3

21

24

 

 Right

5

17

22

 

 Bilateral

0

10

10

 

Harris Hip Score

 Mean in points (range)

54.6 (48–59)

38.2 (23–57)

40.6 (23–59)

87.4 (77–98)

<0.01

 Rating (no. of hips)

     

  Excellent (90–100 points)

0

0

0

15

 

  Good (80–89 points)

0

0

0

39

 

  Fair (70–79 points)

0

0

0

2

 

  Poor (<70)

8

48

56

0

 

PMA

 Mean in points (range)

7.6 (6–9)

6.5 (4–9)

6.6 (4–12)

16 (14–18)

<0.01

  Pain

2.5 (2–3)

2.1 (1–4)

2.2 (1–4)

5.5 (5–6)

<0.01

  Motion

2.4 (2–3)

2.3 (1–3)

2.3 (1–3)

5.2 (5–6)

<0.01

  Function

2.6 (2–3)

2.0 (1–3)

2.1 (1–3)

5.3 (4–6)

<0.01

 Rating (no. of hips)

  Excellent (18 points)

0

0

0

6

 

  Good (15–18 points)

0

0

0

43

 

  Fair (12–15 points)

0

0

0

7

 

  Poor (<12 points)

8

48

56

0

 

Limp (no. of Pts.)

 Severe

3

28

31

0

 

 Moderate

4

15

19

3

 

 Slight

1

5

6

11

 

 None

0

0

0

42

 

Limb-length discrepancy

 Mean in mm (range)

2.8 (2.1–3.7)

4.4 (2.3–6.5)

4.2 (2.1–6.5)

1.1 (0.6–1.4)

<0.01

   < 1 cm (no. of hips)

0

0

0

24

 

  1–2 cm (no. of hips)

0

0

0

32

 

  2–3 cm (no. of hips)

5

4

9

0

 

  3–4 cm (no. of hips)

3

13

16

0

 

  4–5 cm (no. of hips)

0

18

18

0

 

  5–6 cm (no. of hips)

0

10

10

0

 

   > 6 cm (no. of hips)

0

3

3

0

 

HOOS subscale scores

 Symptoms

10.8 (8–12)

8.8 (4–12)

9.1 (4–12)

16.6 (14–19)

<0.01

 Pain

20.6 (17–24)

15.9 (6–23)

16.6 (6–24)

36.5 (34–40)

<0.01

 Activities of daily living

34.1 (32–37)

28.7 (19–36)

29.4 (19–37)

60.9 (57–67)

<0.01

 Sports and recreation

7.4 (5–8)

5.5 (3–8)

5.8 (3–8)

12.8 (10–16)

<0.01

 Quality of life

6.9 (5–8)

5 (3–8)

5.3 (3–8)

13.7 (12–16)

<0.01

Trendelenburg sign (no. of hips)

 Yes

6

47

53

1

 

 No

2

1

3

55

 

SF-12

 PCS

15.5 (12–17)

10.9 (6–16)

11.6 (6–17)

22.7 (19–25)

<0.01

 MCS

18.3 (15–20)

13.8 (9–19)

14.4 (9–20)

25.6 (22–29)

<0.01

Values are expressed as mean with range

MAP Merle d’Aubigne and Postel, PCS Physical component summary, MCS Mental component summary, ROM range of motion, HOOS Hip dysfunction and Osteoarthritis Outcome Score

a P < 0.05 is significant

Surgical planning and procedures

All operations were planned with transparencies and performed with use of cementless femoral and acetabular components. An acetabular template was placed at anatomical hip center, and a femoral template was correspondingly interiorized. The amount of femoral shortening was calculated to improve leg length discrepancy and lengthen the leg by no more than 3–4 cm to avoid nerve injury. Three-dimensional computed tomography (CT) scans was utilized to evaluate the acetabular bone stock.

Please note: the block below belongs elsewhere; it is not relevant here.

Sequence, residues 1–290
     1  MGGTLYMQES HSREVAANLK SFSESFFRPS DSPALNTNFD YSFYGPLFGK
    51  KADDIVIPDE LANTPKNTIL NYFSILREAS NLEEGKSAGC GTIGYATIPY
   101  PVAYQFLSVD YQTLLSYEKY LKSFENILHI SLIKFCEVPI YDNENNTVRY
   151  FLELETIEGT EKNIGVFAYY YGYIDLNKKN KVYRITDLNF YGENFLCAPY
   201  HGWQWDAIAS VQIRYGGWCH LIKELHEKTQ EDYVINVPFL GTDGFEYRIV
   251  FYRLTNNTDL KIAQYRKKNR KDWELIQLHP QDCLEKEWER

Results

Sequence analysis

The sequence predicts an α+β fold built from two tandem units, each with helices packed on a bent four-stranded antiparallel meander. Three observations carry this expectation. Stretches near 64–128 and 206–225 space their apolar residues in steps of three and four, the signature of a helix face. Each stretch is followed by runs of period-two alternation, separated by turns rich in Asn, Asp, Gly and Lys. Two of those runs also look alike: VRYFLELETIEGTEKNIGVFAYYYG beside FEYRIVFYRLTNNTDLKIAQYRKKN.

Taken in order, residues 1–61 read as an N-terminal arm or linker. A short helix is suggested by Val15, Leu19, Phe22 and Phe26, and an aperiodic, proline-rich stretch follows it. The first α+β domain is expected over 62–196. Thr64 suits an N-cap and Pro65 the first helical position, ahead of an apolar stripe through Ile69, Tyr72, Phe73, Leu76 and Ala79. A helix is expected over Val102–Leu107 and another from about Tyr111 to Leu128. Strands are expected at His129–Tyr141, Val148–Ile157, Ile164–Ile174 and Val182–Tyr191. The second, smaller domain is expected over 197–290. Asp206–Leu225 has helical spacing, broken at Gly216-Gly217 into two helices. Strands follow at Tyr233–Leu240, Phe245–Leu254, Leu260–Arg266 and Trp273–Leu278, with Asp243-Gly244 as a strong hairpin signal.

All patients were operated on using a posterolateral approach in the lateral decubitus position. After resection of the femoral head and total capsulectomy were conducted, the position of the true acetabulum was reached and exposed through removal of fibrous scar tissue and osteophyte covering the true acetabulum. Soft-tissue release was applied in all hips. Transverse and round ligament was good indicator for recognizing true acetabulum. If the true acetabulum was not reachable due to the obstruction of the proximal part of the femur, a transverse femoral osteotomy approximately 1–2 cm distal to the lesser trochanter was performed. If there was proximal femoral canal deformity, an osteotomy was conducted at the level of the deformity. Elevation or split of a short section of the vastus lateralis was performed to approach the subtrochanteric area. Next, the proximal femoral fragment was translated anteriorly to reach the true acetabulum after the performance of transverse osteotomy. The acetabulum was widened and deepened with use of hemispherical reamers at a designated angle of antevertion and abduction to obtain bleeding cancellous, which indicated an interference fit between the anterior and posterior columns (Fig. 1a). As for insufficient coverage or severe acetabular bone defects, augmentation of the acetabulum was conducted by a structural autograft or titanium alloy (Ti-alloy) mesh combined with bulk bone grafting from the resected femoral head. Femoral head structural bone autografts fixed with screws were used in thirty-eight hips to improve coverage of the cup due to insufficient coverage, whereas Ti-alloy mesh and impaction bone grafting were used in nine hips owing to severe acetabular bone defects according to the three-dimensional CT. Implantation of the acetabular cup was conducted using press-fit technique (Fig. 1b). The median diameter of the acetabular cup was 48 mm (range, 44 to 52 mm). The 28-mm femoral head was used in twenty-six hips, 32-mm head in twenty-two hips, and 36-mm head in eight hips. Ceramic-on-ceramic wear bearing was applied in forty-eight hips, and metal-on-poly in eight hips.